Steffen Schliermacher's obsession with the musical outsider has taken him through the Russian avant-garde as well as a previous volume of Americans in his ruthless uncovering of works both bravely visionary and subversive. Here, he uses his worldview to interpret the work of post-Cageian composers; all but one was born after 1940. In alphabetical order, the bad boys are Tom Johnson, Sven Ake Johansson, Nicolaus Richter De Vroe, Schliermacher himself, and John Zorn. Interestingly enough, this recording feels more like an apology than a celebration of these men who have consciously flown in the face of all that music has held dear. Take Zorn's "Carny": Of the pieces he's written specifically for the piano, this one is easily the most conventional and tonal. It contains hints of three entwining melodies appropriate much in style and gesture to classical music. One has to love its humor and imagination if not it's rigorousness. In Johnson's brief "Tango," from 1989, his use of dynamics in deconstructing the dance and turning it into a musical dead end has humor and warmth, but hardly the adventurousness one would expect from an enfant terrible! Again, there is a construction-like quality in the repetition of De Vroe's mauling of the mazurka, but didn't the minimalists already do this? The most interesting work here is Schlierermacher's own "Klavier & Klavier," from 1996. Two sets -- from two pianos -- of simple prelude figures are turned over and under each other for 15 minutes. It's an amazing feat of concentration and dexterity, but musically -- even when the piece extends to involve the fugues and harmonic changes -- it seems more like a trick than a composition, and one could hear Rachmaninov chortling at its acrobatics. Apparently Schliermacher only wanted the listener to hear the angelic side of the bad boys, rather than the cranky revolutionary side. Too bad.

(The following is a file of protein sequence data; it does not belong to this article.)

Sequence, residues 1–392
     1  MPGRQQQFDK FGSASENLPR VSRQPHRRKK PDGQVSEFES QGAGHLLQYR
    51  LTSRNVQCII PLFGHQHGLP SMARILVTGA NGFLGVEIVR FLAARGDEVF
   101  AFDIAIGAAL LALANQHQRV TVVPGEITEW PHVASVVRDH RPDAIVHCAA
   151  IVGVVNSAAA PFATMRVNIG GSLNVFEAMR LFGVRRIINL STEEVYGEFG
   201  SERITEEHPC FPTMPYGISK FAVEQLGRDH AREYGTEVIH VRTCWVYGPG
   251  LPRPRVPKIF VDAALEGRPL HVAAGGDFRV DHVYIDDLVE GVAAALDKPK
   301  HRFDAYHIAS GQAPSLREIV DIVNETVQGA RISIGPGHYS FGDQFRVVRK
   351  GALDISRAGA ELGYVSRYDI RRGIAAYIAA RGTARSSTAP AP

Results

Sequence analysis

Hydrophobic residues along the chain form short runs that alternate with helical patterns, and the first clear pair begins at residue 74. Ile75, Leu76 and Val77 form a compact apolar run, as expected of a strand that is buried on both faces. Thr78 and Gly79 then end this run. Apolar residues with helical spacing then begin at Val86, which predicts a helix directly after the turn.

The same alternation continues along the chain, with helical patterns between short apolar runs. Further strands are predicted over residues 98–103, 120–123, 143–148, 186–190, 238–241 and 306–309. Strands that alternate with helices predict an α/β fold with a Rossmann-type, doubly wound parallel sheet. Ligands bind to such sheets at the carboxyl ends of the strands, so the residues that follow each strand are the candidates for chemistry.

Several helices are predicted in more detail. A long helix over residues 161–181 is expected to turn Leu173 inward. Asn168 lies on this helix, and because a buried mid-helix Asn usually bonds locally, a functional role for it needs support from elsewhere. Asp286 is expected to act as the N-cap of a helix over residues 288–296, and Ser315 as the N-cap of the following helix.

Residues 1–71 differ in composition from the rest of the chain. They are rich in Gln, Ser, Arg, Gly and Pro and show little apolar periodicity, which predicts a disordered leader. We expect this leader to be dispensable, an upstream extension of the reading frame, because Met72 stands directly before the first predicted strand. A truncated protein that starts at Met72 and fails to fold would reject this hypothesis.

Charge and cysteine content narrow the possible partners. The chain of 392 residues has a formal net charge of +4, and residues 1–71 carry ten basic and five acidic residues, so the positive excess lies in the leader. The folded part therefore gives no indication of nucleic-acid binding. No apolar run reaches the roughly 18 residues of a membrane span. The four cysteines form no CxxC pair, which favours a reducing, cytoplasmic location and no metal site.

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AllMusic Review by Thom Jurek